How To Respond to Both Positive and Negative Reviews

It used to be that if you were buying a product, you either asked your family or friends if they had one or you got yourself a copy of Consumer Reports to look at their reviews for it.   Now, reviews on everything, every product and every service, are at our fingertips 24/7.  Positive or negative, potential customers are going to see them when they search for your company’s name.  Reviews can be powerful.  And they can find a wide audience.

Negative Reviews

How you handle negative reviews is a direct reflection of how you handle your business.  Most sites where consumers can leave reviews also allow businesses to publicly respond to them but before you do, assess the review and research the issue if you can so you can reply specifically to their problem.  Responses should be thoughtful and measured and you should offer a solution that they will be happy with.  Responding to a negative review with action shows that you take it seriously.

Here’s a little secret about your response to a negative review:  it’s not for the person who left it.  It’s for the potential customers that may be reading it.  If they feel comfortable knowing that if there’s a problem, it will be taken seriously and resolved, they’ll be more likely to buy your product or service.  Direct it to the reviewer, of course, but think about the bigger audience.  You want to show you and your company in a positive light.  By thinking about the right way to respond instead of responding too quickly, you’re less likely to come off as defensive and say something that will only anger the customer further.

It may be tempting to respond to the negative review privately but you should do so publicly.  Remember, the response is for potential customers so you want the public to see it.  It’s a way to introduce yourself, and your integrity, and your character to a wide audience.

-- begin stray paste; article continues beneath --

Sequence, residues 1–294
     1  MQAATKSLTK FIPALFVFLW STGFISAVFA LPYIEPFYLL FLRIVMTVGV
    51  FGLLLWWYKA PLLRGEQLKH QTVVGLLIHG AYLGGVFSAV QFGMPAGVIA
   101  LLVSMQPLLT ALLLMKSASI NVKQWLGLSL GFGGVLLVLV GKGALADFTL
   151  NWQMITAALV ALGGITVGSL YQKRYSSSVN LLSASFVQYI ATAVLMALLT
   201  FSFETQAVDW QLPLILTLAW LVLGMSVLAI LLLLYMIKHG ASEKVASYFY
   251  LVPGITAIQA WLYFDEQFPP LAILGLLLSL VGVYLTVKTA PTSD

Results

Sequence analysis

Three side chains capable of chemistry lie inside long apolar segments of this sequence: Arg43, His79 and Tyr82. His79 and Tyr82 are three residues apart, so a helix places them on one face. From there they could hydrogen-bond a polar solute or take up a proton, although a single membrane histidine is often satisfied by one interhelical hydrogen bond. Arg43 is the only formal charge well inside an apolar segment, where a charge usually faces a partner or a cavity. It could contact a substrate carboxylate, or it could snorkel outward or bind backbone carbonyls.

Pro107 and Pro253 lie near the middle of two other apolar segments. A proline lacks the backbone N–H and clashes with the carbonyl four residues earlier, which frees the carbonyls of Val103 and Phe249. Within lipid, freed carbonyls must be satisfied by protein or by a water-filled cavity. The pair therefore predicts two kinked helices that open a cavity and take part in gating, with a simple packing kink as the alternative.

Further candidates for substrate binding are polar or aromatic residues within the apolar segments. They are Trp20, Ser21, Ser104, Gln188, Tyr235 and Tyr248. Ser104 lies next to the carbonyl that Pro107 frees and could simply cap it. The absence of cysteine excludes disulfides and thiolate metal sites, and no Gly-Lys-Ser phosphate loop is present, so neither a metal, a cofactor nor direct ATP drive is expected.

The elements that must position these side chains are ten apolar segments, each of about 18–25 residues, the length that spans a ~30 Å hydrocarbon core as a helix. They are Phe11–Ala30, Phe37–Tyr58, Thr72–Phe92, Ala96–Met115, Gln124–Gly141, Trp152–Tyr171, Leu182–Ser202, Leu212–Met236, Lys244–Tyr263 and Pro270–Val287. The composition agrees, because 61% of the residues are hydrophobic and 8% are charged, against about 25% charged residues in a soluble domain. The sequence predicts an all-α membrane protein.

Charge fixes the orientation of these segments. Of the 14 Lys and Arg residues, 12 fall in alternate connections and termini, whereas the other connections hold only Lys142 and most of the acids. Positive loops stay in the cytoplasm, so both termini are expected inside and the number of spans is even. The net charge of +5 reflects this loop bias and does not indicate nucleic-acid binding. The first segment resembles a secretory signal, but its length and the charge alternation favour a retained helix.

Admit your mistakes.  People understand that nobody’s perfect.  Taking responsibility for your mistakes is better than denying them.  If the review isn’t specific enough to understand what the exact problem was, ask questions but be respectful.  Tell them that you want to be able to effectively respond to the issue but you need more information.  Then, come up with a way to make things right.

Once you’ve dealt with the problem to the reviewer’s satisfaction, ask them if they would consider updating their review to reflect that.

[Polite greeting, use name],

Thank you for your review regarding our [insert product or service].  I appreciate the feedback and I’m sorry that it was a bad experience for you.  

[State your actions here.  Did you speak with the people involved?  Did you research a technical problem?]  [Recommend a solution.  A replacement of the product?  A free meal?  A technical solution?]

We welcome your input and would love to hear if you have any other suggestions that can help us improve your experience in the future.  

I look forward to your response!

[insert name]

Your response should be sincere and detailed and not sound like it’s a form letter.

Positive Reviews

Responding to good reviews is much more pleasurable than dealing with bad ones.  Who doesn’t enjoy receiving a little praise for a job well done?

Positive reviews are good for business on their own but they shouldn’t be taken for granted.  You should respond to them just as you do the negative ones.

Again, your response should be personal so always address the reviewer by name.

Hello [name],

    Thank you so much for your kind words and for taking the time to share your experience with us.  We work hard to provide our customers with [insert product or service details] and are proud when we hear from our happy customers.

    If you have any suggestions on how we could make it an even better experience, we’d love to hear your suggestions.  In fact, we loved your review so much, we’d like to share it on our website and our social media accounts.  Would you mind if we shared your review?

    Thanks again,

    [insert name]

Again, each response should be personalized and not sound like it’s a form letter.  Share a short, personal story (“When I started this company 18 years ago…”, “That pie crust was my grandmother’s recipe…”), something that makes the reviewer, and anyone else reading the review, feel like you’re talking directly to them.

Both good and bad reviews should be viewed as gifts.  They’re opportunities to show potential customers that people enjoy your company and that when a problem pops up, you can rise to the occasion and save the day.